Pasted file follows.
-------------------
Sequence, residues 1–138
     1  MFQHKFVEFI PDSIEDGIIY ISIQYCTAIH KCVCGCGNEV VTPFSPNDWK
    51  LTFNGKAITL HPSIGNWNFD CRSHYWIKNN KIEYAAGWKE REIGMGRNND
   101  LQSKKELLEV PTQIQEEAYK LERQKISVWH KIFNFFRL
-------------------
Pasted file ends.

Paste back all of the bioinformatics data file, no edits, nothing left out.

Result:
Sequence, residues 1–138
     1  MFQHKFVEFI PDSIEDGIIY ISIQYCTAIH KCVCGCGNEV VTPFSPNDWK
    51  LTFNGKAITL HPSIGNWNFD CRSHYWIKNN KIEYAAGWKE REIGMGRNND
   101  LQSKKELLEV PTQIQEEAYK LERQKISVWH KIFNFFRL